Born in Ireland, Jocelyn Bell Burnell was interested in science from a young age despite her first school not initially permitting girls to study science. Fortunately, her parents supported her interest, and she attended boarding school in England, where her physics teacher persuaded her to continue to University. After an undergraduate in physics from Glasgow, she began her PhD at Cambridge!
This is where she made her famous discovery: pulsars!
What I find amazing is how she discovered them: a tiny section of the 3 miles of data contained a repeating pulse of radio waves. It was so regular, exactly every 1.3 seconds, that although it only took up 5 cm of her piles of data, it was enough for her to notice and take another reading to confirm. Annoyingly, she couldn’t pick up the same signal straight away so when she updated her supervisor, he brushed it off as interference. Despite this, she continued to make observations, and after finding some more similar pulses (as well as more from the original), it was decided they were, in fact, not mere interference or little green men (as the first observation was named!), but a new kind of star! A little digging provided a hypothetical star from the 1930s that fitted with her discovery- the pulsar!
What are Pulsars?
Most stars spin on their axis, much like the Earth. Except, where the Earth rotates every 24 hours, the sun rotates every 24 days. When a large star ‘dies’, there is a supernova. This is when the star collapses in on itself, ejecting most of it into the universe, leaving just the core remaining. Sometimes, this turns into a black hole, but more often it is a neutron star that is left behind. These are incredibly dense spheres made up solely of neutrons! In fact, they are so dense that if one was 15 miles across (approximately the size of Inner City London) it would contain more matter than in our sun! Now, remember when I said stars spin? The law of angular momentum means that because the star has now a smaller radius, it spins faster. The neutron star also has a really strong magnetic field, so charged particles and plasma are pulled towards the poles and flung out in beams of light!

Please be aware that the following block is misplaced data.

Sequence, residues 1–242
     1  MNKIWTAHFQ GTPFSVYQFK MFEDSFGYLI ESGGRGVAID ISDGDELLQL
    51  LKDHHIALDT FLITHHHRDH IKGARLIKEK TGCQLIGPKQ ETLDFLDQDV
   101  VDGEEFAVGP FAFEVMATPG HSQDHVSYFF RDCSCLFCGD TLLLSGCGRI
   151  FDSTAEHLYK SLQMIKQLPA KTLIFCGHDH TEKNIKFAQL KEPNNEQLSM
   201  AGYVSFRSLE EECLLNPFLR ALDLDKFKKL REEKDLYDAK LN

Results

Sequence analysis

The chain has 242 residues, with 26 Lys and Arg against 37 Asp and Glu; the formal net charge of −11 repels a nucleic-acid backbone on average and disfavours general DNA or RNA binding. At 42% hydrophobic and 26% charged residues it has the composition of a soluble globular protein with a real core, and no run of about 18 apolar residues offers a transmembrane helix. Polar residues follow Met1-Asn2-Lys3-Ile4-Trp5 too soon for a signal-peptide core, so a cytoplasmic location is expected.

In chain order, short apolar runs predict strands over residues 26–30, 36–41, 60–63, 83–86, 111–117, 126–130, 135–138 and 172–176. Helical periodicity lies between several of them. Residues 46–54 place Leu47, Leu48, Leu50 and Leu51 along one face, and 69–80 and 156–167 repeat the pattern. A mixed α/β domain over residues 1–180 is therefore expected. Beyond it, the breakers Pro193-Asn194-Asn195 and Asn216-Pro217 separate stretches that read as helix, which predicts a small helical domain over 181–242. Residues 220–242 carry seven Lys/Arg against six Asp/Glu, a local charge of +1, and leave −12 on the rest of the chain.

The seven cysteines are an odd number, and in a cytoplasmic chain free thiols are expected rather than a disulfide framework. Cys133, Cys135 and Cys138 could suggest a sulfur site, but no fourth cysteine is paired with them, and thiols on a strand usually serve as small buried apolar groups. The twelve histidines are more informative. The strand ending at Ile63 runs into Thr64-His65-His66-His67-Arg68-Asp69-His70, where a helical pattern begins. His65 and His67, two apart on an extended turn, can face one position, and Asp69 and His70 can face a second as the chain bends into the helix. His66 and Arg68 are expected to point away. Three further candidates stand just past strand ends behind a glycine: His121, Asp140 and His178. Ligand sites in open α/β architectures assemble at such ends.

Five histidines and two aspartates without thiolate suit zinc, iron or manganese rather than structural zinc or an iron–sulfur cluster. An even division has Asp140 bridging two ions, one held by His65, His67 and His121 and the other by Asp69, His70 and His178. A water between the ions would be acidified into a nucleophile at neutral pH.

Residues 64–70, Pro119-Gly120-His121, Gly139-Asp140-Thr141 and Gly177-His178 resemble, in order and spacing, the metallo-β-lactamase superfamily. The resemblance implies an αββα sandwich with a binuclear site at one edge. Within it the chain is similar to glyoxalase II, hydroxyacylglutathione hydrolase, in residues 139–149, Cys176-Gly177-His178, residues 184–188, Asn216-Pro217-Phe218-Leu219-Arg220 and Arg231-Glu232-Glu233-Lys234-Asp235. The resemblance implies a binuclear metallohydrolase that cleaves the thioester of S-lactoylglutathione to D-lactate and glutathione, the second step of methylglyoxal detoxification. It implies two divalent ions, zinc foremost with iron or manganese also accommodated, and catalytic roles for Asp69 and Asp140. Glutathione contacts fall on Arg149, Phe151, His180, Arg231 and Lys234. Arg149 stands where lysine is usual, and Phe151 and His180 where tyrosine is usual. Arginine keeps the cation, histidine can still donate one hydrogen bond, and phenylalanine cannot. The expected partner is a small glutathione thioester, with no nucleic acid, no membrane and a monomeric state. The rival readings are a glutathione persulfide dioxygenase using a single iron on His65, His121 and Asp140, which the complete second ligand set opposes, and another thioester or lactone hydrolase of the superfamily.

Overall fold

Although Dame Jocelyn undoubtedly played a huge role in the discovery of pulsars, the Nobel Prize went to her supervisor, Antony Hewish, and Martin Ryle (for his ‘observations and inventions’ instrumental to Radio Astronomy). Again, this seems to be a recurring theme of Nobel Prizes, as of the 209 Nobel laureates in physics, 3 have been women: Marie Curie, Maria Goeppert-Mayer and Donna Strickland. That said, Burnell has said she’s “done very well” out of missing out on the Nobel Prize, and indeed she has! She has been a Fellow of the Royal Society, the president of the Royal Astronomical Society and of the Institute of Physics (the first woman to be so), and last year was the winner of the Breakthrough Prize (which she donated, in its entirety to the Institute of Physics to fund PhD programs for underrepresented groups in physics, such as women and refugees. I think this is amazing, because increasing diversity in STEM is really important! She is a real role model to many (including myself!), having started the Athena Swan program which recognises Universities for their advancement for gender equality and representation, and she has done many talks on the topic.
Had you heard of Jocelyn Bell Burnell before?
How can Nobel Prizes be made fairer?
What other Spectacular Women in Stem should I feature?
Do you want to know more about Pulsars? Let me know in the comments!
If you can’t trust an atom… trust in science!
☆it’s like magic, but it’s true whether you believe in it or not!☆
See you next time!